The Internet Online Summit: Focus on Children Mission Statement identifies our common goal – to make our children’s online experience safe, educational and entertaining, while honoring constitutional safeguards. A diverse group has put aside their differing philosophies in order to further this important goal. The Summit enables us to work together to encourage the evolution of the Internet as a truly beneficial medium for our children.

There are many issues affecting children and the Internet. These include equitable access, marketing and advertising practices, quality content, privacy, and safety from harmful content and illegal activity, among others. Each of these topics needs to be examined thoroughly. The mission of this first Summit, and, therefore, the focus of this paper, is personal safety and protecting children from illegal and harmful material online – in particular, the twin issues of access to our children by pedophiles and access to pornography by our children.


In 1996, 4 million children accessed the Internet from home, double the number from the year before. Recently, this number has been reported to have increased to 10 million, and is expected to exceed 20 million by the year 2002. The Internet is not a passing fad, like hula hoops or pet rocks. It will continue to grow because those who go online find it incredibly useful. For about $20 a month, all the information you could want on just about any topic is probably available somewhere online.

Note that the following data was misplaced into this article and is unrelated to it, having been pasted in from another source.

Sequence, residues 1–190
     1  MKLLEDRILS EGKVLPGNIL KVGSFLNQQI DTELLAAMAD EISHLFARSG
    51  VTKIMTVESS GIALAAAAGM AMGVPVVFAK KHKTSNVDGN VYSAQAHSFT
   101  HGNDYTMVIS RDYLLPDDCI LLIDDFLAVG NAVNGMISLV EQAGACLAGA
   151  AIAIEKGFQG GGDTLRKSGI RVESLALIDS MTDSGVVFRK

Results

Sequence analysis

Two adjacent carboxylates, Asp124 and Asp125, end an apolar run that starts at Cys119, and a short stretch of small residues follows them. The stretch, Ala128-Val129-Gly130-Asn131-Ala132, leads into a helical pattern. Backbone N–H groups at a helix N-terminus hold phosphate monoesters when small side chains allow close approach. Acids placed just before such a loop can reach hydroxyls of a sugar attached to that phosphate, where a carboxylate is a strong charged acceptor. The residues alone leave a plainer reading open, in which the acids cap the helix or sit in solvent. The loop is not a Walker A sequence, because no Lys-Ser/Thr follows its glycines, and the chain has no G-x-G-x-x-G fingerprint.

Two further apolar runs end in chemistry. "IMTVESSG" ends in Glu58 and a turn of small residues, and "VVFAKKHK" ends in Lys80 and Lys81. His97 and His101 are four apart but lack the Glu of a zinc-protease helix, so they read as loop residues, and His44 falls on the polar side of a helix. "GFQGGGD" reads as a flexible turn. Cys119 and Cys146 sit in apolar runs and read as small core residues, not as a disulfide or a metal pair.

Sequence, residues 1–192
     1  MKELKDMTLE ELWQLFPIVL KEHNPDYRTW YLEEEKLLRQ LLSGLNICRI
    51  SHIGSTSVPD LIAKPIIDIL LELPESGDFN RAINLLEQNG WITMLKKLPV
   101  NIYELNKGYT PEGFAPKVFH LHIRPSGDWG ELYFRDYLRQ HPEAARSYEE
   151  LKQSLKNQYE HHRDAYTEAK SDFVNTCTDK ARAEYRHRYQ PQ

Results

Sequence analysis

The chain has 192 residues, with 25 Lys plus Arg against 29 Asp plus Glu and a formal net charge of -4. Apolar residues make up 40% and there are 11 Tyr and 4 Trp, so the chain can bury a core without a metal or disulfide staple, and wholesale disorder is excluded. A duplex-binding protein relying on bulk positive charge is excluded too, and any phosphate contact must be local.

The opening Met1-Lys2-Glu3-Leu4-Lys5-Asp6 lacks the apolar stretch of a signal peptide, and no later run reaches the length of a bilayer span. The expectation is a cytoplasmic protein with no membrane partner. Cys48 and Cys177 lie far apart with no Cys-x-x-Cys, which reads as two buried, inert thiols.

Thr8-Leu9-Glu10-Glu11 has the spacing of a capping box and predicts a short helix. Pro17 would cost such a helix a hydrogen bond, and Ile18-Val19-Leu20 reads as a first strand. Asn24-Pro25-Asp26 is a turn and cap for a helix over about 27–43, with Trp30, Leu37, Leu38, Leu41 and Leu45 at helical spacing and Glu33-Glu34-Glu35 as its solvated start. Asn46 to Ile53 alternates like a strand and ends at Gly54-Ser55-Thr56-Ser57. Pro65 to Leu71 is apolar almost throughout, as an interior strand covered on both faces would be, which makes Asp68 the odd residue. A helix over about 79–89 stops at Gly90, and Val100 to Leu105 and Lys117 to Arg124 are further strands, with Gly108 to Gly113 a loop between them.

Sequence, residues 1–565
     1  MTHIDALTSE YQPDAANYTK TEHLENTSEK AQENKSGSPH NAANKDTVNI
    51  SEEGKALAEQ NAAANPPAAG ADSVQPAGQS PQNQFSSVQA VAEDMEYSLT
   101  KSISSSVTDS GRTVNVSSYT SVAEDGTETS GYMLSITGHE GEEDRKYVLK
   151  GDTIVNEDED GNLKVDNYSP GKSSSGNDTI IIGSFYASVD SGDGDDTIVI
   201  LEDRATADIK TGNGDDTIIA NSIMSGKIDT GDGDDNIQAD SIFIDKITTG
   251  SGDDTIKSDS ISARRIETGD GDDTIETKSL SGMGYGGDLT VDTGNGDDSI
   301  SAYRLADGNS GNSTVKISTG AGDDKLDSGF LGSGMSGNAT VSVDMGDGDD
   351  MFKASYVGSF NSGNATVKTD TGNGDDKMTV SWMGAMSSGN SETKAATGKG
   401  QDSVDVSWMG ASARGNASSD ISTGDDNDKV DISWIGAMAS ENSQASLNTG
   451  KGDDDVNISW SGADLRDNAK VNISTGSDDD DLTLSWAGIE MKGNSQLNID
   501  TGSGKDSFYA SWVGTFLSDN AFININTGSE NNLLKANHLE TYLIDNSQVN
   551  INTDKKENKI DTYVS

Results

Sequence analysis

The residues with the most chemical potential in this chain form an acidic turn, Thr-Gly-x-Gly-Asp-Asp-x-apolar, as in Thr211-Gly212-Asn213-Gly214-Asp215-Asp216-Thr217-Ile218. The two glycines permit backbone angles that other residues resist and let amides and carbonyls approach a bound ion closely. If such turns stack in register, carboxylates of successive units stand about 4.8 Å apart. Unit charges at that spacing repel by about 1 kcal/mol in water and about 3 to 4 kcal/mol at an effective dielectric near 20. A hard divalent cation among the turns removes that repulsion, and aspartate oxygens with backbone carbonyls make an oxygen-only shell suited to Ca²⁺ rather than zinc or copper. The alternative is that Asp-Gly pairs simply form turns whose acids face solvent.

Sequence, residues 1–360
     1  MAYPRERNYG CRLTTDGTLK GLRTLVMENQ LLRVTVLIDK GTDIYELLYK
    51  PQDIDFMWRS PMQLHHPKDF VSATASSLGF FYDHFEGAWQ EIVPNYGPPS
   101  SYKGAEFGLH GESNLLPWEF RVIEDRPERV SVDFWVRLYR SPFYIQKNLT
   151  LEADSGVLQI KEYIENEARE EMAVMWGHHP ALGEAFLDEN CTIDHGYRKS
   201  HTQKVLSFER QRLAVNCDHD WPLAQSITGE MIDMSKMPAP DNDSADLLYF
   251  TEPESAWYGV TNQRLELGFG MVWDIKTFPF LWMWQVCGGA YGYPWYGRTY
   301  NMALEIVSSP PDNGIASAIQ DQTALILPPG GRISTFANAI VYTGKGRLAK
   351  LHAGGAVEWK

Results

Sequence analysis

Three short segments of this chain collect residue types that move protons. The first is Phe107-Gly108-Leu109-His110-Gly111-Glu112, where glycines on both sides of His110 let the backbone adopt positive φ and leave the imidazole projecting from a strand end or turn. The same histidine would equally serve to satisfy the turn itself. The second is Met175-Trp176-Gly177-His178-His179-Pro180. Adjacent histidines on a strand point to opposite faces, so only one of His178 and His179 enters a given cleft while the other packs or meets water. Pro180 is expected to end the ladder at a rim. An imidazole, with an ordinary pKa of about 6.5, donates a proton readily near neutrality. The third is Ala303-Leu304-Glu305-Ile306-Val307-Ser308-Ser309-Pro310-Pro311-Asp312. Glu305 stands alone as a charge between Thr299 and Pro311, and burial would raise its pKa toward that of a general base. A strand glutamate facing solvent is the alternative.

Nevertheless, it is important for this growth to take place safely. The vast majority of our 70 million U.S. children don’t access the Internet from home. To reach its full potential, families as a whole must be encouraged to get online. But this won’t happen unless the Internet industry can demonstrate to families that their children can venture into cyberspace safely. This is not an issue of public relations. It is an issue of substance, key to the growth of the Internet.

Although many of the risks encountered in cyberspace also exist in the “physical world,” the interactive nature of the Internet – especially when the children often understand more about the Internet than their parents, teachers, librarians, and other care givers – makes it harder to protect our children online. In addition, many common sense measures used in the “physical world,” are not applicable in the cyberworld. A pedophile could not enter a schoolyard disguised as a child, but can easily pretend to be a child in an online chat room. A child who could not browse through Hustler in a convenience store can view sexually-explicit images online, legal or illegal. For the Internet to develop its full potential, these risks must be realistically addressed.